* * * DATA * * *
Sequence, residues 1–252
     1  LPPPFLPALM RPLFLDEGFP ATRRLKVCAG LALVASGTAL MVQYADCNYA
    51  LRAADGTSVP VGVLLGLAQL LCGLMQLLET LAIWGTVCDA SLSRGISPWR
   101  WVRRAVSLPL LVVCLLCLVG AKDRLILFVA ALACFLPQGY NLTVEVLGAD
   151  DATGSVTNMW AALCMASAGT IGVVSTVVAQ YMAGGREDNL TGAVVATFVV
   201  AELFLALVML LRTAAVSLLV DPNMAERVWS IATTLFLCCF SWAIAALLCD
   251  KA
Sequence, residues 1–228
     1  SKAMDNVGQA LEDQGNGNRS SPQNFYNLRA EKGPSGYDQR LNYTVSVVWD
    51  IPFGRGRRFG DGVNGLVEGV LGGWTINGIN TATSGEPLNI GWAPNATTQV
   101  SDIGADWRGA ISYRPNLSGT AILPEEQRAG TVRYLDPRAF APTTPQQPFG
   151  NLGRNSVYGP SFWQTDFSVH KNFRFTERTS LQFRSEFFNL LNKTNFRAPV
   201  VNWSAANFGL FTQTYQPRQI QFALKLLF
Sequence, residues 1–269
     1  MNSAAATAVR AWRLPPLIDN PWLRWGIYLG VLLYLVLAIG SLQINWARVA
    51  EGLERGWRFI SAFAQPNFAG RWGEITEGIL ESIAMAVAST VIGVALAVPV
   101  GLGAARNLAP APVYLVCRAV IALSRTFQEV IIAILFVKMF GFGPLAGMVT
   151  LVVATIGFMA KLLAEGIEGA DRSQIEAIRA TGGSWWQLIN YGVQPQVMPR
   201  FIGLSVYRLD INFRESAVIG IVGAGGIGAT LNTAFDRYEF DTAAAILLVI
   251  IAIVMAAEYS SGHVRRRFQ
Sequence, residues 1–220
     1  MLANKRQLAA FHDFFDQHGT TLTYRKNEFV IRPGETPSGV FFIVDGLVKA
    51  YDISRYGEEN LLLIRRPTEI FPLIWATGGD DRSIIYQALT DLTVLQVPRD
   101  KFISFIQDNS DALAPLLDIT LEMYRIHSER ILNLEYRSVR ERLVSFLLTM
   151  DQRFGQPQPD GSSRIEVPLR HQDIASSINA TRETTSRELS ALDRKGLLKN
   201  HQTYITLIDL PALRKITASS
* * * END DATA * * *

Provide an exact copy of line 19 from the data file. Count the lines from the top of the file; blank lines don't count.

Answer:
   201  FIGLSVYRLD INFRESAVIG IVGAGGIGAT LNTAFDRYEF DTAAAILLVI